Similarly, we don’t want to send everyone in the world an easily-identifiable MAC which could expose the identity of a patient.

K-Anonymity

Enter the magical mathematics of K-Anonymity. Here’s a brief and incomplete explanation:

  1. We identify an infected person and request their MAC address.
  2. The server splits the MAC into two pieces.
  3. The server send everyone the first piece.
  4. If your phone has seen the first piece, send the second piece to the server.
    • You may have seen multiple devices with the first piece, so send all of the relevant 2nd pieces.
  5. If your 2nd piece matches the one on the server, you may be infected and will be alerted.

There are all sorts of other privacy-protecting things we could do…

  • Your phone could send random / misleading data back to the server in response to any query. That would prevent a central agency tracking individuals.
  • Rather than two equal halves, the server could send the first quarter, and your device could respond with the last quarter.
  • The data could be one-way hashed before sending in either direction.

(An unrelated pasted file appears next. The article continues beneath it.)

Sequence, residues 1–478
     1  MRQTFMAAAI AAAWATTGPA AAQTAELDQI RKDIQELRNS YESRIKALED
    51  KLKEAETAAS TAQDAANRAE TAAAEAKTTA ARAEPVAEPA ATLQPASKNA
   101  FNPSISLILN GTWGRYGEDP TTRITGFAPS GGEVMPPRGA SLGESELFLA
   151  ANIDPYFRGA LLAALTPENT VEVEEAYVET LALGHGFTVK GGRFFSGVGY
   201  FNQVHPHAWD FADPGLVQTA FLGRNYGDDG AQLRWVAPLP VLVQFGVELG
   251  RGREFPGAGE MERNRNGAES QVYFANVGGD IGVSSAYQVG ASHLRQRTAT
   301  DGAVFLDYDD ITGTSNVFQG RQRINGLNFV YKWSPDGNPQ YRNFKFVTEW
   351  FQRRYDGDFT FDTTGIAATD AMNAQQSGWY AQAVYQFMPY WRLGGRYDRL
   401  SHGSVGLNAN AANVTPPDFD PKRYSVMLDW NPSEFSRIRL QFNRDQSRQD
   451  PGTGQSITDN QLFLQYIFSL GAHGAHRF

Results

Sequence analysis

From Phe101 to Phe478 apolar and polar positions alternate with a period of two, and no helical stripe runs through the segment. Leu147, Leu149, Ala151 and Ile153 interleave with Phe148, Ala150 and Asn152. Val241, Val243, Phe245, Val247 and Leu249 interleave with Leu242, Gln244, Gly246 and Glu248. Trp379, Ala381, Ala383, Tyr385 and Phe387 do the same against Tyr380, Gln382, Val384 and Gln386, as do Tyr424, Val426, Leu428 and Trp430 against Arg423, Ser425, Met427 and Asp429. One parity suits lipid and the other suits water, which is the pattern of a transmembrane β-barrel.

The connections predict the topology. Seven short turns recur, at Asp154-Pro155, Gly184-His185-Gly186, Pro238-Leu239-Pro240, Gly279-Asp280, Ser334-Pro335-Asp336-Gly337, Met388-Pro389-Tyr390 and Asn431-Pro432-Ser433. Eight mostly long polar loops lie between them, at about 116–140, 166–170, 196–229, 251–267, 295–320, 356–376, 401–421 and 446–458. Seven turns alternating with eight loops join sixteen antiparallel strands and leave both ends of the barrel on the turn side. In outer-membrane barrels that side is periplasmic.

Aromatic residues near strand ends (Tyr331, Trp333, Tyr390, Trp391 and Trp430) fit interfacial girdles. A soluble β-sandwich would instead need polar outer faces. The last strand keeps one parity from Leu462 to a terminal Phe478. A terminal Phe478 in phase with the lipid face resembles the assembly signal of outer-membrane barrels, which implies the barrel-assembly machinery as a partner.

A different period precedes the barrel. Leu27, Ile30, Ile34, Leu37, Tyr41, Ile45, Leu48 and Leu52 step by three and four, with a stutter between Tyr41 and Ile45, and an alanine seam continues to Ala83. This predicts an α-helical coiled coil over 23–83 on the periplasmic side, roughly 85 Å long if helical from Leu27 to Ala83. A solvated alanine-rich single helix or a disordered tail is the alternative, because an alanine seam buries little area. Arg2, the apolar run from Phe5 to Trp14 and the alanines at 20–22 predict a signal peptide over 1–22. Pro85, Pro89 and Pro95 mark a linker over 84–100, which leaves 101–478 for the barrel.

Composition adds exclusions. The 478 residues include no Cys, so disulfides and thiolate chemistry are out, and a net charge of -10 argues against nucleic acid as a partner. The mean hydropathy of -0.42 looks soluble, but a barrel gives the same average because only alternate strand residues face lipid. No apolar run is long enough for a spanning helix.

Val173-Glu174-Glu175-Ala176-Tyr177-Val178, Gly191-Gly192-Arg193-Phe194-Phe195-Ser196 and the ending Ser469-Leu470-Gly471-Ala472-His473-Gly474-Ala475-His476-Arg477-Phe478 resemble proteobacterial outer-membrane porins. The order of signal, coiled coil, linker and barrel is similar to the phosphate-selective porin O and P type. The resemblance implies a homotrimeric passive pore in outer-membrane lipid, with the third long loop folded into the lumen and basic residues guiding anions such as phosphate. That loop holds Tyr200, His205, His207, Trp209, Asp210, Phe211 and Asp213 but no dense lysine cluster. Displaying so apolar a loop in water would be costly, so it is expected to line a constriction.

Is this sufficiently private?

The whole range of 48 bits can be stored in 256TB. More storage than you have at home – but easily within the range of a well-financed organisation.

In reality, the address space is much less because not all addresses have been issued.

Using this system, how easy would it be to build up a database of everyone you have spent time with?

An open-source app could be audited to make sure that it wasn’t recording and transmitting anything it shouldn’t. But what’s to stop the server going on a fishing expedition and continually pinging your phone with pieces of a MAC?

How do you ensure that people only install the official app and not something which steals personal information?

Is the central database of infected people’s MACs a target for hackers? How could it be secured?

Are some MAC addresses so unique that even the first few bits are enough to reliably de-anonymise someone?

Is this politically acceptable?

And here’s the kicker. Would you install tracking software on your phone? What if Facebook quietly switched on this feature? What about GDPR? What about…